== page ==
15 Great Japanese Spots From Our 100 Very Best Restaurants List

Head this way for ramen, sushi, izakaya snacks, and more.

Sample uni, prawns, and more at Sushi Taro. Photograph by Scott Suchman

Ama Ami

703 Edgewood St., NE

Sushi Taro alums Zach Ramos and Amy Phan specialize in jewel-box-like chirashi bowls at their takeout-only pop-up in the food incubator Mess Hall. These treasure chests of rice and raw seafood, almost too pretty to eat, are packed with premium specialties like uni, fatty tuna, and Hawaiian black-footed limpets. The duo also prepare “homa­kase” sushi feasts, which they’ll set up at private homes. We’re eagerly awaiting their chirashi cafe and omakase counter, Two Nine, coming to Georgetown this year. Moderate to very expensive.


Shoyu (soy sauce) ramen at Haikan. Photo by Scott Suchman

Bantam King, Daikaya, Haikan, and Hatoba

501 G St., NW; 705 Sixth St., NW; 805 V St., NW; 300 Tingey St., SE

Daisuke Utagawa and chef Katsuya Fukushima’s quartet of ramen shops are some of the best places to slurp in DC, whether you’re tucking into classic Sapporo-style broths at Daikaya and Haikan, chicken ramen and crispy birds at Bantam King, or Asian pub fare and happy hour deals at Hatoba. Springy Hokkaido-­made noodles and soulful stocks are key throughout. We also love hiding away in Daikaya’s slinky upstairs izakaya for Japanese whiskeys and playful plates such as Wagyu donburi or okonomiyaki-style pork. Inexpensive to moderate.


A lunchtime bento at Cranes. Photograph via KnowPR.


724 Ninth St., NW

At this Spanish/Japanese restaurant/sake lounge in Penn Quarter, visuals are as vital as flavor and the platings museum-worthy. Chef Pepe Moncayo’s fusion hits include a curl of octopus with edamame hummus; crispy patatas bravas; shrimp tempura with lime aïoli; and rosy slices of Wagyu beef with soy demi-glace. Share tapas and larger à la carte options, opt for a ten-course omakase menu, or grab a lunchtime bento box. The best seats in the house are in the raised dining area overlooking the kitchen or in the front room with soaring windows. Expensive.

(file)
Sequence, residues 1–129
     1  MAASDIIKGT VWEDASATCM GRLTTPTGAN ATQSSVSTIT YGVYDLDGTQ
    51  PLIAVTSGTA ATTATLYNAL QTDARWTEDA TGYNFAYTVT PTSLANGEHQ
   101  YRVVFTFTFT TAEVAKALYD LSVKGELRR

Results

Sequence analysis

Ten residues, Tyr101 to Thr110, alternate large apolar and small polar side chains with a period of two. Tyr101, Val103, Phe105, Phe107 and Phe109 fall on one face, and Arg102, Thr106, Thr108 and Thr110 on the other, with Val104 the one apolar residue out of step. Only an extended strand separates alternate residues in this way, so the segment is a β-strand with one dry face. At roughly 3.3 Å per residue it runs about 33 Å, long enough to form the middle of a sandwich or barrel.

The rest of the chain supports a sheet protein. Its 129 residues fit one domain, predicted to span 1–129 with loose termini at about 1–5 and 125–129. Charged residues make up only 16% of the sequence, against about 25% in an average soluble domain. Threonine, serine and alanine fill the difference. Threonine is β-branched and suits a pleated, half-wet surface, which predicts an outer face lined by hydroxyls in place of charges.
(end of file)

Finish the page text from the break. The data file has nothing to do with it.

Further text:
Scallop carpaccio at Izakaya Seki. Photoraph by Scott Suchman

Izakaya Seki

1117 V St., NW

The oh-so-simple but fabulous mix of mushrooms with butter and garlic—cited by the New York Times as one of the best dishes of 2022, nationwide—speaks to the less-is-more culinary magic that happens at this two-­story Japanese restaurant run by father-daughter duo Hiroshi and Cizuka Seki. You’ll also taste it in a fluffy omelet studded with unagi; a perfectly grilled Hokkaido sardine; a tempura of whiting and shrimp with bright wasabi salt; and a pristine array of sashimi. Moderate.

Menya Hosaki

845 Upshur St., NW

Chef Eric Yoo left a financial-­consulting career to pursue his obsession with ramen. His devotion is evident in every ingredient he serves, whether the tare that seasons the broth or the housemade noodles with just the right bite. The tiny Petworth spot’s short menu spans a delicate truffle shoyu broth to a rich and spicy “tantan” soup enhanced with sesame paste. It’s worth a special visit for Tuesday lunch, when Yoo focuses on a single bowl that’s not otherwise available. Inexpensive.


Sashimi at Nasime. Photograph by Scott Suchman


1209 King St., Alexandria

One of the most in­spired—and inspiring—dining experiences around unfolds in this sliver of an Old Town storefront, where chef/owner Yuh Shimomura conjures up a single seven-­course menu in the open kitchen. Recent highlights were barely cooked slices of Japanese short rib with truffled soy sauce; glistening bonito and sea-bream sashimi; and a melty egg custard with Chesapeake oysters and ginkgo nuts. Sakes and Japanese highballs pair well with the briny, earthy flavors. Expensive.


1900 Q St., NW